Walt Whitman, an American, one of the roughs, a
kosmos. Disorderly, fleshy and sensual…eating,
drinking, and breeding.
No sentimentalist, no stander above men and
women or apart from them, no more modest
Unscrew the locks from the doors! Unscrew the
doors themselves from their jambs!
On July 4, 1855, an anonymous poem entitled
Leaves of Grass was published in Brooklyn.
Nothing like it had ever been seen before: big,
sprawling, sexual, democratic, ecstatic, both rough
and gentle. It was, its author claimed, "America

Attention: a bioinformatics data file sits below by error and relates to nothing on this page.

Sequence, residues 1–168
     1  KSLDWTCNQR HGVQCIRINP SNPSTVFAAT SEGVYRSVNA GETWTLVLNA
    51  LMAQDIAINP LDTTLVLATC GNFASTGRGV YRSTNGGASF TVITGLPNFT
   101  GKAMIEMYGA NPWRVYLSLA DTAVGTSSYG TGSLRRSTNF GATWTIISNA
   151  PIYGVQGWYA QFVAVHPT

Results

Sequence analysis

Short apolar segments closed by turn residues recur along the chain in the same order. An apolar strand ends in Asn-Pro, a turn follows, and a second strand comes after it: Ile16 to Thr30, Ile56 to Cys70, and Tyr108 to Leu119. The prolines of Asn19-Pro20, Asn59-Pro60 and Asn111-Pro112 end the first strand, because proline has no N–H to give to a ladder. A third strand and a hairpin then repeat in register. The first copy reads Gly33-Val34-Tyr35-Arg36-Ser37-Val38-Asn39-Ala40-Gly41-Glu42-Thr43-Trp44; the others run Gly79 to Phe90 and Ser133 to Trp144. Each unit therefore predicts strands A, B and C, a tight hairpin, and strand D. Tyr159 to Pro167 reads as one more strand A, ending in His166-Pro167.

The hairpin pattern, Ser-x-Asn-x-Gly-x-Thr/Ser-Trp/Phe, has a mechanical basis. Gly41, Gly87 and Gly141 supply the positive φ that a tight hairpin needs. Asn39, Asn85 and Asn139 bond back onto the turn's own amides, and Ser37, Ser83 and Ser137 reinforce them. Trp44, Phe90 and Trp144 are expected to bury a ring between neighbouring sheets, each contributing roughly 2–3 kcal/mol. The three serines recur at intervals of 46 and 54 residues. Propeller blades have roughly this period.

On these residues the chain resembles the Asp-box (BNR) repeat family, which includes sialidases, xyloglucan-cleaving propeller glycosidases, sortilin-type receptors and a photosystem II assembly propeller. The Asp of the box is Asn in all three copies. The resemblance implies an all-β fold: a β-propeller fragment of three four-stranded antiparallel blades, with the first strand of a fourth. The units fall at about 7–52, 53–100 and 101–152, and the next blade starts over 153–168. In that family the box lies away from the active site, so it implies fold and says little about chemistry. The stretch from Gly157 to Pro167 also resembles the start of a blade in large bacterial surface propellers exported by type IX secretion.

singing." In commemoration of this landmark literary
event, and in celebration of Whitman's large-hearted
vision, the Aurora Forum hosts a dramatic reading
of "Song of Myself" directed by Kay Kostopoulos.
After the performance—accompanied by music and
historic images—a panel of Whitman scholars and
poets will discuss the poem's meanings and what it
says about democratic ideals today. Facsimile editions
of the 1855 version of "Song of Myself" will be given
to all who attend.
Professor of English and poet.
SHELLEY FISHER FISHKIN
Professor of English.
Coe Professor of American Literature, Emeritus.
Lecturer in English and novelist.
Admission InfoDoors open at 6:00 p.m. Seating is Limited. Please Arrive Early.